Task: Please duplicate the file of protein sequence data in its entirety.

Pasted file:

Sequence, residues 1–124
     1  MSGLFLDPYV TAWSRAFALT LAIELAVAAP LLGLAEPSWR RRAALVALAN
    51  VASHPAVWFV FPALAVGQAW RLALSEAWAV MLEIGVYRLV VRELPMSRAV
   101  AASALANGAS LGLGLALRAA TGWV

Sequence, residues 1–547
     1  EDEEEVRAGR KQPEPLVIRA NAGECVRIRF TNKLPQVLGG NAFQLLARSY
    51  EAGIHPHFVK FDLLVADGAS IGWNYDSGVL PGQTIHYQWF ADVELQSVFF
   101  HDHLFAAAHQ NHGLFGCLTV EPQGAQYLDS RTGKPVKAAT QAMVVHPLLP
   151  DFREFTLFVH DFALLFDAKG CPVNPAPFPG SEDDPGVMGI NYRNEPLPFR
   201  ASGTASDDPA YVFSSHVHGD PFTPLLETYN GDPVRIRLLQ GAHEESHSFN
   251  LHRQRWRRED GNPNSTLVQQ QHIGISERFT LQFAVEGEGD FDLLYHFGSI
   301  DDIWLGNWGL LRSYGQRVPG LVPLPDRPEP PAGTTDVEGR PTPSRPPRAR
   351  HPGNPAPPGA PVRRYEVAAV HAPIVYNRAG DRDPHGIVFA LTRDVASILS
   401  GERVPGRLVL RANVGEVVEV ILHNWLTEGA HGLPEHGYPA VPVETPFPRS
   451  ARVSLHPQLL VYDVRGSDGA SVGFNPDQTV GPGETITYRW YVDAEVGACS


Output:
Sequence, residues 1–124
     1  MSGLFLDPYV TAWSRAFALT LAIELAVAAP LLGLAEPSWR RRAALVALAN
    51  VASHPAVWFV FPALAVGQAW RLALSEAWAV MLEIGVYRLV VRELPMSRAV
   101  AASALANGAS LGLGLALRAA TGWV

Sequence, residues 1–547
     1  EDEEEVRAGR KQPEPLVIRA NAGECVRIRF TNKLPQVLGG NAFQLLARSY
    51  EAGIHPHFVK FDLLVADGAS IGWNYDSGVL PGQTIHYQWF ADVELQSVFF
   101  HDHLFAAAHQ NHGLFGCLTV EPQGAQYLDS RTGKPVKAAT QAMVVHPLLP
   151  DFREFTLFVH DFALLFDAKG CPVNPAPFPG SEDDPGVMGI NYRNEPLPFR
   201  ASGTASDDPA YVFSSHVHGD PFTPLLETYN GDPVRIRLLQ GAHEESHSFN
   251  LHRQRWRRED GNPNSTLVQQ QHIGISERFT LQFAVEGEGD FDLLYHFGSI
   301  DDIWLGNWGL LRSYGQRVPG LVPLPDRPEP PAGTTDVEGR PTPSRPPRAR
   351  HPGNPAPPGA PVRRYEVAAV HAPIVYNRAG DRDPHGIVFA LTRDVASILS
   401  GERVPGRLVL RANVGEVVEV ILHNWLTEGA HGLPEHGYPA VPVETPFPRS
   451  ARVSLHPQLL VYDVRGSDGA SVGFNPDQTV GPGETITYRW YVDAEVGACS